Please tell us a little about your background in education. Why did you decide to become involved in education? What are some of the roles you’ve had and what does your current role involve?
I originally studied to become a diplomat: modern languages and the history of international relations. There was a federal government election while I was at uni, however, and I realised that (a) I couldn’t support the new government’s foreign policy, and (b) I’m actually quite a tactless and undiplomatic person. As a lark, I decided to try an education subject that had a school-based practicum. If I liked prac enough, I bargained with myself, I’d do an education degree. It was a transformative experience, so the rest, as they say…
I started as a History and English teacher, but I’ve had a crack at Visual Art, Science, Human Relationships Education and Digital Technologies, too. I became a Head of Department (Middle Schooling) back when middle schooling was hip and rad. This has glacially morphed into my current role, Head of Department (Teaching and Learning), at a P-12 state college on the Sunshine Coast. My job involves supporting teachers to provide a good education to our students, mostly through professional development. In the next few years, this will include building a culture of coaching across the college, and that’s my main preoccupation at the moment. I also run our college’s Makerspace, which is amazing good fun.
Who or what keeps you inspired and motivated in your work?
I’m inspired by my favourite teachers from childhood, Mrs Chaseling and Miss Turner, and their unconditional positive regard for students. I’m inspired by my five splendid nieces, and by a drive to make schools and classrooms that are worthy of their amazingness. I’m inspired by my own students (which is true, even though I have to say it) who have that perfect mix of earnest intensity and unfettered joy. (All of my joy is fettered, these days.) I’m motivated by teaching as an opportunity to build relationships that last and matter. And I’m motivated by change and variety, which keep me from getting bored.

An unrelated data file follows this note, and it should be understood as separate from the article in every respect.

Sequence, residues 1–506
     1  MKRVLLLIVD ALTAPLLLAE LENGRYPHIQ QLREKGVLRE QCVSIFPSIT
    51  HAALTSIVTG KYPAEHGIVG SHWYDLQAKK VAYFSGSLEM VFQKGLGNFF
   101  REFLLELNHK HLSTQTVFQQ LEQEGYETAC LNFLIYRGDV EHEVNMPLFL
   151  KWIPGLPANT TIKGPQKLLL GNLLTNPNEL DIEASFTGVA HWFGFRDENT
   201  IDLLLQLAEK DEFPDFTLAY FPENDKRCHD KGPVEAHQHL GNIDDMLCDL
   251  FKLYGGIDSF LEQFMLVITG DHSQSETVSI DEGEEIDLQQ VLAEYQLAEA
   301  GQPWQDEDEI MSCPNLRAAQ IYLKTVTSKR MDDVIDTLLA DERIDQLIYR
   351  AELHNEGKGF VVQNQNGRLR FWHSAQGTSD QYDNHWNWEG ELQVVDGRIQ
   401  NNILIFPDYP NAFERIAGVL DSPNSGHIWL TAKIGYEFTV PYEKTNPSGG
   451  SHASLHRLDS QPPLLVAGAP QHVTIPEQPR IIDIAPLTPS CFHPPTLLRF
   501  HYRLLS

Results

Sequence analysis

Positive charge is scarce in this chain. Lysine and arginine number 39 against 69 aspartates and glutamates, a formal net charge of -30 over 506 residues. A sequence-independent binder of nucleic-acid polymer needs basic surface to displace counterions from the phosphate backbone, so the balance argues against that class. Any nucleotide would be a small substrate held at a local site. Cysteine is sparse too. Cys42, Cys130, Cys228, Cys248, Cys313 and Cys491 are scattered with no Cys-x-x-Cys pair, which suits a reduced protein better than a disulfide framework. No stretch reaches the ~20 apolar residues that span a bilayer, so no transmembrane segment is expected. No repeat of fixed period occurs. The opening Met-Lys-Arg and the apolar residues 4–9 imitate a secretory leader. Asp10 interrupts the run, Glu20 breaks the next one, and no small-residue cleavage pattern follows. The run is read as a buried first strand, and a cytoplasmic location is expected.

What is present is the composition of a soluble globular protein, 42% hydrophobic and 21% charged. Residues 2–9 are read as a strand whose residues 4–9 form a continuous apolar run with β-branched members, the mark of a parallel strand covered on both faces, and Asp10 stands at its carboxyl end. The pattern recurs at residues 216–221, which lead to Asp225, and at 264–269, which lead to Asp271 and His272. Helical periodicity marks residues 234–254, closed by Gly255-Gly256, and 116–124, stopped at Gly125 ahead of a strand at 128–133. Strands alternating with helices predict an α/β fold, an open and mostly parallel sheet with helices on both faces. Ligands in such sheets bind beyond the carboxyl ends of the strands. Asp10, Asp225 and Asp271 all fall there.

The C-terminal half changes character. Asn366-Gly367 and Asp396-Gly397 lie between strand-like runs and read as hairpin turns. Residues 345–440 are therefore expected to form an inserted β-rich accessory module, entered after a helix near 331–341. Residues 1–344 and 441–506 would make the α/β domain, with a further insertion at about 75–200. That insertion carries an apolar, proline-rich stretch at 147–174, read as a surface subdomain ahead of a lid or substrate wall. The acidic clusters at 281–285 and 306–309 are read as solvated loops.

What do you see as some of the biggest rewards and challenges for people working in education today?
The rewards are entirely personal, the acknowledgement that we do work that adds meaning to people’s lives and purpose to our own. The challenges are legion, but I think the biggest is the modern tendency to de-personalise the work of educators: We work with (and are) complex humans in complex educational contexts, yet we contribute daily to the mass delusion that every impact can be measured, every risk can be minimised, all parts are interchangeable, and fixing stuff is as easy as a recipe card.
If you had the ability to make changes to the education system in Australia, what would you do?
I become warm with fury when I read about private-school orchestra pits built with public money. I would ensure that a free, comprehensive education to be provided equally to all, and that all schools have enough resources to be cathedrals of learning and the heart of their communities. Also, I would cut back on paperwork. Hate the stuff!
What role do you see EduTweetOz playing on the education scene in Australia and what are your hopes for the account this week?
EduTweetOz was one of the first accounts I followed when I joined Twitter, and I love the shared experience. Twitter debates can be vicious and polarising (I’m looking at you, Angry British EduTwitter), so it’s nice that Australian educators have this shared account that values collegiality, community and connection. (I mean, EduTweetUK would last about a minute!)
I recently said that EduTweetOz is a great way to taste someone’s brain and decide if you want a second helping. My hope for this week is that I get to taste some new brains, and that I avoid bringing shame on my family. Given how much I’ve veered between goofy and pontifical in these answers, I’m not confident that I can avoid the shame.